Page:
Time for the big finale! Things must go down! Space ships must be won! Chewie needs to get married! Han must tick lots of people off!
The book certainly doesn’t mess around with one of those and starts off with Han winning the Falcon in that infamous game of sabacc. Strangely though, that’s not the bit in the start of the book that really catches my attention because page 30 finds Bria Tharen and Winter chatting and WOW is that just confusing for my brain. If that didn’t make sense, allow me to offer you the context that I often costume as Winter at conventions. I think this is what an identity crisis in a book must be like. Alternatively, I just have some very unique issues. My mental identity crisis aside, I actually really enjoyed getting to see a young Winter and these little snippets of the pre-Yavin Rebellion.
I’ve never read that Han Solo Adventures so I can but assume that the three interludes are from those tales and it’s a neat way to work them in without retreading that ground. Aside from that, Crispin brings together all of the plotlines and plotpoints she’s worked in throughout the series such as Boba Fett’s chase after both Han and Bria, the evolution of the Rebellion, and even Jabba’s rise to leader of his clan. While a lot of the book is tying up these plots, it never feels like “Oops, better run around and deal with these;” they just happen naturally. The biggest flashing plotpoint signs are probably the winning of the Falcon and the forced cargo dumping at the very end but then again, those are things that had to happen this book. Oh and a lot of familiar faces do show up during the final battle but that’s more nostalgic than irritatingly convenient.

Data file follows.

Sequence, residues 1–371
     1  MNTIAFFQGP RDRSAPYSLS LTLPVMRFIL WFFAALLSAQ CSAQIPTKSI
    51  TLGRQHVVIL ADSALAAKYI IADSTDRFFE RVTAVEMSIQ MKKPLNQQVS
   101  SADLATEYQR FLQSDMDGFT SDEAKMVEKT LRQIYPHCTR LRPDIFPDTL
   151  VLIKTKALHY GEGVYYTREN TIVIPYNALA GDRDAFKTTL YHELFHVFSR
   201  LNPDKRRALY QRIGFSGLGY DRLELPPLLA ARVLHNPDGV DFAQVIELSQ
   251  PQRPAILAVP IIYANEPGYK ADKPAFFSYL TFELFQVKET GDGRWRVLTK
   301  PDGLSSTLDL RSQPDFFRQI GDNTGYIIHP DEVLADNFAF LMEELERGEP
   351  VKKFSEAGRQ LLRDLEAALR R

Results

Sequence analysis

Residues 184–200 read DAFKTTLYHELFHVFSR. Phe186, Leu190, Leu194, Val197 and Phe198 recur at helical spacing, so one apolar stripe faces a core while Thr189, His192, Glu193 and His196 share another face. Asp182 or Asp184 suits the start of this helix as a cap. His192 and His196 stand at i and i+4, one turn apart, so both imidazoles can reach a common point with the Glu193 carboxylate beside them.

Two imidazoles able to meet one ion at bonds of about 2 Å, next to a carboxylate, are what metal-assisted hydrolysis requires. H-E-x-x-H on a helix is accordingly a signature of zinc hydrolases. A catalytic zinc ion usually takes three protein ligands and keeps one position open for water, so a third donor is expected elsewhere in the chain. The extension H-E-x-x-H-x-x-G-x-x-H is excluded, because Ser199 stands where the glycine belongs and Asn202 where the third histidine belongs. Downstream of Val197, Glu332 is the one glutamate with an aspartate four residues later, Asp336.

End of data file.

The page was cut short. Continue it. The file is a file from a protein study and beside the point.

If I remember my fandom correctly, I believe the end of the book is why most people apparently hate Bria Tharen and throw some rude words towards her. If you haven’t read the books, Bria convinces her superiors in the Rebellion to let her lead an attack to shut down the slavery ring on Ylesia, a clearly personal mission for her but also one that would bring the Rebellion some badly needed funding and even some potential recruits. She asks Han to help her recruit some of the smugglers to aid in the attack as privateers, promising them a pretty hefty fee. Partway through the mission, she receives the order from her superior that the deal is off because the Rebellion needs the credits too badly so she follows her orders and has to screw over Han and his fellow smugglers. Does it suck? Clearly. Is Han wrong to be upset with her? No. Could she have given Han some of the profits regardless? Probably. Does that fact that she didn’t make her a horrible person? NO. I simply think that it shows how dedicated she is to her cause and that she really does think she had no other choice. Another aspect of her characterization that I seem to remember ticking people off is how she gives no quarter to slavers which, along with how she left Han, clearly showed how heartless she was. Yeah. Clearly. Because someone who was a slave and therefore who has no mercy for slavers is clearly a horrible person. Honestly, I love Bria Tharen, flaws and all. I think her flaws are a part of what makes her a good character because she’s not a perfect person but she is certainly a woman with strong convictions who does what she thinks is right and I find that part of her to be admirable. Clearly she and Han were not meant to be but that is just fine with me. Haters to the left.
This was my favorite book of the trilogy but only by a narrow margin over The Hutt Gambit and it was probably the additional Bria Tharen page time and the fact that we finally get to see Han and Bria interact again that pushed it over the edge. Obviously, I enjoyed the trilogy and would recommend that you read them if you’re a Han Solo fan and have previously skipped them. Actually, I’d like to retract my former statement that these are guilty pleasure books. I just plain like them.
Whew! That was a fun ride. Next up, I’ll be racing through the last four books before Scoundrels arrives both in the timeline and in stores. Four books, five days? I can totally do this, right? As always, if you’d like to keep a real time eye on my progress, you can follow me on Twitter @chaosbria or the hashtag #WaruExpress.